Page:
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Hidden Cincinnati: Pinecroft is reflection of local history, innovation

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WCPO 9 Cincinnati
WCPO 9 Cincinnati
 2021-06-17
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On acres of land at the top of a hill, under chimney spirals, sits Pinecroft, the former manse of Powel Crosley Jr., who was perhaps the most ingenious of the genius-level figures Cincinnati has ever seen.

Crosley invented the first car radio, the first refrigerator with shelves in the door, the first mass-produced car. He started WLW Radio, owned the Cincinnati Reds and even held the first baseball game played under lights.

He also built Pinecroft, which still sits atop a hill in Mt. Airy.

The mansion and its grounds are currently owned by the Cincinnati Preservation Association, and Funky's Catering manages the property, which has become a space used frequently for weddings or events.

"It's a responsibility; we have to maintain it," said Jerin Dunham, COO and part owner of Funky's Catering. "It's a responsibility. We have to really still share that with the public, right? Because this is part of the Cincinnati history."

The history of the building, built by Crosley in 1928, remains intact in both obvious and subtle ways. Crosley built his own ingenuity into the mansion, like including lights that turn on when a door is opened and an eight-head shower -- decorated with Rookwood tiles, of course.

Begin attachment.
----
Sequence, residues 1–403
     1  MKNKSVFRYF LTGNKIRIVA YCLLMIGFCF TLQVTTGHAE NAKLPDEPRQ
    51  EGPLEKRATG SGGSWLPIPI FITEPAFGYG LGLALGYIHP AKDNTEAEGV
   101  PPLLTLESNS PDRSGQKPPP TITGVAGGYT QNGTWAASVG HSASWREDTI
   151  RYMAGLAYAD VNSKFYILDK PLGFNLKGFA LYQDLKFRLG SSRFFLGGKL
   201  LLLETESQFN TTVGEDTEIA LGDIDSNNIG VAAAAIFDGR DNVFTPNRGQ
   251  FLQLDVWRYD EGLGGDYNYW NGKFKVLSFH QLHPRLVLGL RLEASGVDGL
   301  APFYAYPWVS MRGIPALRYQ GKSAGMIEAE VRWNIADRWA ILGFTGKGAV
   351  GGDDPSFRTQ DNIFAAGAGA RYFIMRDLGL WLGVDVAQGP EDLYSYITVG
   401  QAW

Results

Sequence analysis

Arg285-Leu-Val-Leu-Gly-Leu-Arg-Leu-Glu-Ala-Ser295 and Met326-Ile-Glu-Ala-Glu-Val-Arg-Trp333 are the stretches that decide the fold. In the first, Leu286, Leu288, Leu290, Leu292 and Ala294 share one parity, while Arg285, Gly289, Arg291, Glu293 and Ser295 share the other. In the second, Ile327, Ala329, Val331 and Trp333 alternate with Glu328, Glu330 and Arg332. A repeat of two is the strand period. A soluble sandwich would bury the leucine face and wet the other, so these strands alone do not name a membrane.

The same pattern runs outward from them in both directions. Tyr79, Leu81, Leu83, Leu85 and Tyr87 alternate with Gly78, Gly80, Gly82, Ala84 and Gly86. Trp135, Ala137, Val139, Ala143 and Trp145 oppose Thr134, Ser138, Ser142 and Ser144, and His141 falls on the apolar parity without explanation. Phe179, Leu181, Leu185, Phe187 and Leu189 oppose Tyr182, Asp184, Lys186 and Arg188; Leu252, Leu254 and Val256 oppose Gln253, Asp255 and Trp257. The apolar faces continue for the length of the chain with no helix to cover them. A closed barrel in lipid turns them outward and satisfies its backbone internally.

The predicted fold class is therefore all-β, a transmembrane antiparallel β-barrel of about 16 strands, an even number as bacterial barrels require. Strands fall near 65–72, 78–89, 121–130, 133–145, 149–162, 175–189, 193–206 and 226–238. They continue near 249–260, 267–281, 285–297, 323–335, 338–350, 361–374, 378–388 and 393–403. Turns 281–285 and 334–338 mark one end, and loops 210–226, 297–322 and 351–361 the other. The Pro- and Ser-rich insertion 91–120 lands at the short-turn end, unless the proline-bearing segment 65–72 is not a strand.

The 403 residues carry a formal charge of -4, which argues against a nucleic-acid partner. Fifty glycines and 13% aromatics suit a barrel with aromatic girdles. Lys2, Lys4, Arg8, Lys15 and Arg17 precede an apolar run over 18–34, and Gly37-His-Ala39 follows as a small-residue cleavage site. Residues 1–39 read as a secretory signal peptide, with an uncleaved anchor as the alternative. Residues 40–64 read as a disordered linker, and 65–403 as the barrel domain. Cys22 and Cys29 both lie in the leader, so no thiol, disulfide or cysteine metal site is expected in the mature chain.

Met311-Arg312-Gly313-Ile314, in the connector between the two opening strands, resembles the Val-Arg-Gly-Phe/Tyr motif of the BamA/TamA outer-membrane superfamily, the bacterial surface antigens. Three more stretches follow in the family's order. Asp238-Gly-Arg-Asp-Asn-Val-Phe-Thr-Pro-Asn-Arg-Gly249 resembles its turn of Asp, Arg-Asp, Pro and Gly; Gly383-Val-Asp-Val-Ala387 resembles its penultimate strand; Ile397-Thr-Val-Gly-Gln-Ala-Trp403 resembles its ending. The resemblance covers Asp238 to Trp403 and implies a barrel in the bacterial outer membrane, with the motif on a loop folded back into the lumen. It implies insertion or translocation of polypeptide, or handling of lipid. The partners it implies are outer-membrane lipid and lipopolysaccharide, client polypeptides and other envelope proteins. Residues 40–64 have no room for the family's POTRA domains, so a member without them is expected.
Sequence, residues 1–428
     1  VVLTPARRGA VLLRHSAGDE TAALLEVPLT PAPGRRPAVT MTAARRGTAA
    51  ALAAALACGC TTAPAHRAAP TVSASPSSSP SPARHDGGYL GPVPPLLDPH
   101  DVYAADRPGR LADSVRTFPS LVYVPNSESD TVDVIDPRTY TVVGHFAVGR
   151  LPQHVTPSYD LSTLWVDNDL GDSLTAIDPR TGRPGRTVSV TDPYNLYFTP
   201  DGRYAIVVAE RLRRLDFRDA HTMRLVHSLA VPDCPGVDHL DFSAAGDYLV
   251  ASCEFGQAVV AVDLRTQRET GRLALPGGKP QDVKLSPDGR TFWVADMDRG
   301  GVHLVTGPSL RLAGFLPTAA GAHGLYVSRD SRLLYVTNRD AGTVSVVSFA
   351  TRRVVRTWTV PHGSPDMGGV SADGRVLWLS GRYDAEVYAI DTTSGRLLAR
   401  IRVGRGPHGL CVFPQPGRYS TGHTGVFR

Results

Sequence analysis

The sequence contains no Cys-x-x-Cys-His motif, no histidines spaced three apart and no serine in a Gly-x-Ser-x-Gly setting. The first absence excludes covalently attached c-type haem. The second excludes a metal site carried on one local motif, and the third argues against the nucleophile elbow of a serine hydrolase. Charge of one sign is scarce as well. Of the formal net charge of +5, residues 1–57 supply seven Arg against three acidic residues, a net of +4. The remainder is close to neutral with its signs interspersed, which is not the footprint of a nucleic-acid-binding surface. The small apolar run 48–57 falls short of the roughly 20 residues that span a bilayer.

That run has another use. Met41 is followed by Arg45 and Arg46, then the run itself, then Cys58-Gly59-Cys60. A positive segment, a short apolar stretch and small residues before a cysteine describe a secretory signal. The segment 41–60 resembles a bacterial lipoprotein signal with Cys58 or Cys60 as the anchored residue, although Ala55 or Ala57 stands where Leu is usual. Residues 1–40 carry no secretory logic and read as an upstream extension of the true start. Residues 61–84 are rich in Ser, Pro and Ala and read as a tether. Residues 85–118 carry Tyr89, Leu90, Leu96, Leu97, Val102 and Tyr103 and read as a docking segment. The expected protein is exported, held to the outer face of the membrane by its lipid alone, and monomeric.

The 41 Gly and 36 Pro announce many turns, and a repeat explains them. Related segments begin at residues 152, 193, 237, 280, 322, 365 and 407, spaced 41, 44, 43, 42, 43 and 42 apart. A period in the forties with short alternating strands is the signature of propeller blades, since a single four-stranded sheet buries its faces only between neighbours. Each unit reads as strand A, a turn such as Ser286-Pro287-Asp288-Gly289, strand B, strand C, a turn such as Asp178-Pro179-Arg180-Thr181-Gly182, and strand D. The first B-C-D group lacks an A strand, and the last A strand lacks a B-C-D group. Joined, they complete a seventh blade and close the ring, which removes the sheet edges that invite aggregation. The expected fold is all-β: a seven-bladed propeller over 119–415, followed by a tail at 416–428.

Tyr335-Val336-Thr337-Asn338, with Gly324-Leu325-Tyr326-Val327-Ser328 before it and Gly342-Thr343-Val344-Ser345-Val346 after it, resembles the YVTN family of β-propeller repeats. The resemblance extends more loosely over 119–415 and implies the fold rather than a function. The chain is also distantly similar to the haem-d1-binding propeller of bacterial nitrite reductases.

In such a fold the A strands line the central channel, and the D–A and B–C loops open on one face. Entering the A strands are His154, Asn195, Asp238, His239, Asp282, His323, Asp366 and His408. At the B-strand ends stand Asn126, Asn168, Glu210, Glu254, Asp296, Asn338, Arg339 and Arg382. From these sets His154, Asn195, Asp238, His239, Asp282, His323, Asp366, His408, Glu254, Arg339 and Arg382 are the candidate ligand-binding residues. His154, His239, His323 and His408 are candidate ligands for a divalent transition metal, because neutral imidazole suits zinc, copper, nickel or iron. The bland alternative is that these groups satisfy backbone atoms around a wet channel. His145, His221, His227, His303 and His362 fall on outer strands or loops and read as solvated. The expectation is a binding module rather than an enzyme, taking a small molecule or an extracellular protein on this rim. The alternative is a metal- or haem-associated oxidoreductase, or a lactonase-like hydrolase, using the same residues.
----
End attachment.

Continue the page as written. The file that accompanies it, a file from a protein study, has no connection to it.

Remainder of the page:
"The lake out here, that's a five-acre lake, but it's got an arrow pointing, it's shaped like an arrow," said Dunham. "So when he flew his plane, he could see where his property was. He had polo fields out here. There's like seven safes in the house; they're all hidden."

At least one of those safes is so hidden, the only telltale sign it exists is in the form of a tiny keyhole. Otherwise, it simply looks like the wall it was built into. Dunham said it was where Crosley kept his alcohol during the years of Prohibition.

The Haile Foundation provided a grant for the gardens on the property, with the goal of replicating the gardens Crosley created for himself in 1928.

"I think this is the hidden portion of this hidden gem," said Dunham. "That's why we call it the secret garden."

Although today Pinecroft is primarily used as an event space, garden clubs still visit its vast acreage. Cincinnatians who want to check out the mansion and its grounds can give Pinecroft a call -- they would be happy to let people come out and take a look around.

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